Figure 4 Source Data: Excel file
Overall R&D spending by the United States continues to far exceed that of all other countries (table 3). Nevertheless, several nations report R&D/GDP ratios that are above the current U.S. level.
Table 3 Source Data: Excel file
The United States continues to account for somewhat more than half of the total annual R&D expenditures by the Group of Seven (G-7) industrial countries (of which the United States is a member). U.S. R&D expenditures are some 40% larger than the total for the 27 countries of the European Union. Among the 30 nations who are members of the Organization for Economic Co-operation and Development (OECD), U.S. R&D expenditures annually are about 2½ times larger than Japan's (the second ranked country) and more than 5 times that of Germany (the third largest). While fast growing in recent years, China's annual expenditures on R&D are only a quarter of the U.S. level.
The U.S. R&D/GDP ratio in 2006 was 2.62%. This ratio was well ahead of the overall ratio for the main country groupings for the same year: G-7, 2.50%; European Union-27, 1.76%; OECD, 2.26%.
Several individual OECD countries continue to exceed the U.S. R&D/GDP ratio: Finland, 3.41%; Japan, 3.39%; Iceland, 2.78%; South Korea, 3.23%; Sweden, 3.73%; and Switzerland, 2.90%. Among the non-OECD countries tracked, Israel is by far the highest at 4.65%. Across all these countries, however, only Japan's R&D is a sizable fraction of the U.S.'s annual R&D spending.
Data Sources and Availability
The U.S. R&D statistics presented in this report result from adding up the R&D performance for all sectors of the economy for which information can reasonably be assembled. The data come chiefly from NSF's national surveys of R&D expenditures. Estimates are used where the surveys do not yet provide final data for 2007.
The NSF R&D expenditure surveys utilized are: the Survey of Industrial Research and Development, 2006; the Survey of Federal Funds for Research and Development, FY 2005–07; the Survey of Research and Development Expenditures at Colleges and Universities, FY 2006; and the Survey of Research and Development Funding and Performance by Nonprofit Organizations, 1996–97.
Data from the surveys based on fiscal years (i.e., the Survey of R&D Expenditures at Colleges and Universities and the Survey of Federal Funds for R&D) are converted to calendar year figures to provide a consistent annual basis for the national R&D estimates.
The Industrial R&D Survey provides data through 2006. R&D expenditure figures for 2007 are estimates based on the preliminary data for that year reported by the companies in the survey. Estimates for university and college R&D expenditures in 2007 are based on early results from the 2007 Survey of R&D Expenditures at Colleges and Universities.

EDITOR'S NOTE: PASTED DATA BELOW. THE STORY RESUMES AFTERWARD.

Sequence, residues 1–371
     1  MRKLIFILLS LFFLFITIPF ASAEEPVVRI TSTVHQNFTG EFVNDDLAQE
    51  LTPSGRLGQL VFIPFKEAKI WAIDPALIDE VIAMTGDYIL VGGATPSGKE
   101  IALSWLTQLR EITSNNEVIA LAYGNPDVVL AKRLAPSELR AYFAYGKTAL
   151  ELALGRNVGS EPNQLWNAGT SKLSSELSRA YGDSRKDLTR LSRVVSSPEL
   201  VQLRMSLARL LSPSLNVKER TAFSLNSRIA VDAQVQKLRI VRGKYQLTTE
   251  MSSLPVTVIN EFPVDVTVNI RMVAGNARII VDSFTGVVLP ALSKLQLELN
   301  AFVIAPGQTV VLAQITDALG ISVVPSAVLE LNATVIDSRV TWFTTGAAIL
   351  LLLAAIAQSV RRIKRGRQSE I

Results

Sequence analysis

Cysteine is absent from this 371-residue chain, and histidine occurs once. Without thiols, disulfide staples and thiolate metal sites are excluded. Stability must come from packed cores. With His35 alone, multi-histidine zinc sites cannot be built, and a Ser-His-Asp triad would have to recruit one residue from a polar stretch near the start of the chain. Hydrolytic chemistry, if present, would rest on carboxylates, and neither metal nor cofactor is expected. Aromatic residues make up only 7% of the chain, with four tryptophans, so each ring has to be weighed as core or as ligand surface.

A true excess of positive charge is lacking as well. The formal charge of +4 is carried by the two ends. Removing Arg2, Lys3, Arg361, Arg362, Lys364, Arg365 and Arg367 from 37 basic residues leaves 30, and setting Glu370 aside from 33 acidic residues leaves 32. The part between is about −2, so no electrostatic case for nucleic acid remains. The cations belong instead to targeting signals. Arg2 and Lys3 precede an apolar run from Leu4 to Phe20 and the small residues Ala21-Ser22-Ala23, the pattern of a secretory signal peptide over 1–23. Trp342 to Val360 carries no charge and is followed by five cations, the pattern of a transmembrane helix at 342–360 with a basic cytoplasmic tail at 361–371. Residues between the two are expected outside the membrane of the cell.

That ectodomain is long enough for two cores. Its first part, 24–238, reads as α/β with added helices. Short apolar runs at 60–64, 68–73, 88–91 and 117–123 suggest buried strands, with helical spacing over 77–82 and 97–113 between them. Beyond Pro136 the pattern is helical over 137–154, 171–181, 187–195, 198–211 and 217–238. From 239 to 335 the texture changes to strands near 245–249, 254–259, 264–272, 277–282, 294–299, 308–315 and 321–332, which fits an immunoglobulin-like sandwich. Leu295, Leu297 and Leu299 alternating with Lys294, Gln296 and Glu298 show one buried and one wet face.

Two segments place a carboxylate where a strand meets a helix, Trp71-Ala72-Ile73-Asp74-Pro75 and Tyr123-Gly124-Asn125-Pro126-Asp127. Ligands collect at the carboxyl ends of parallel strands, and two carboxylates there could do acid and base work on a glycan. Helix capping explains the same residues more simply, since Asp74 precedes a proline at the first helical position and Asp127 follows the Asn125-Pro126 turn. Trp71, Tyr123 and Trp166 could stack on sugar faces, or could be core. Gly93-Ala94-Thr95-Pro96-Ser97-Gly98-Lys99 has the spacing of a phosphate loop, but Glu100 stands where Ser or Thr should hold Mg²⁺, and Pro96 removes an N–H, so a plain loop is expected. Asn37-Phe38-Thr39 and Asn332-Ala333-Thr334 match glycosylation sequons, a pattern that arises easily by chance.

Data on federal funding for R&D reported here are based on surveys of organizations that conduct R&D, such as companies, universities, and federally funded research and development centers. These amounts differ substantially from the R&D that federal agencies report funding. The National Academies' Committee on National Statistics (CNSTAT) has recommended that NSF publish an annual reconciliation of estimates for federal R&D funding as reported by performers of R&D and as reported by federal agencies.
For FY 2007, federal agencies reported obligating $112.8 billion in total R&D to all R&D performers ($46.5 billion, or 41%, to industry), compared with an estimated $98.3 billion in federal funding reported by the performers of R&D. Although NSF has not found a definitive explanation for this divergence, CNSTAT notes that comparing federal outlays (as opposed to obligations) for R&D to performer expenditures results in a smaller discrepancy. For FY 2007, federal agencies reported R&D outlays of $106.3 billion to all R&D performers.
A full set of detailed statistical tables associated with the National Patterns estimates will be available in the report, National Patterns of Research and Development Resources, 2007, accessible at http://www.nsf.gov/statistics/natlpatterns/.
For further information, contact the author.
 Mark Boroush, Research and Development Statistics Program, Division of Science Resources Statistics, National Science Foundation, 4201 Wilson Boulevard, Suite 965, Arlington, VA 22230 (firstname.lastname@example.org; 703-292-8726).
 In its current classification system, NSF identifies several different R&D performers: industry, federal agency intramural R&D facilities, federally funded R&D centers (FFRDCs—with management by industry, universities/colleges, or nonprofit organizations), universities and colleges, and other nonprofit organizations. With regard to R&D funding, NSF identifies industry, the federal government, other nonfederal government agencies, universities and colleges, and other nonprofit organizations.
 $13.9 billion is the sum of the expenditure figures listed in table 1 for industry-administered FFRDCs, university & college-administered FFRDCs, and nonprofit-administered FFRDCs.
 The data cited in this section come from the current edition of the OECD's Main Science and Technology Indicators (Volume 2008/1). NSF and other U.S. statistical agencies provide data to the OECD in support of these international comparative statistics. However, there are some minor differences in the NSF and OECD approaches to totaling national R&D expenditures. As such, the NSF and OECD calculations of R&D/GDP ratios often differ slightly. Also, to provide a consistent basis for comparison, the OECD converts national currency figures to dollars based on purchasing power parities.
 The most recent year for the OECD's calculation of the R&D/GDP ratio for the United States is 2006.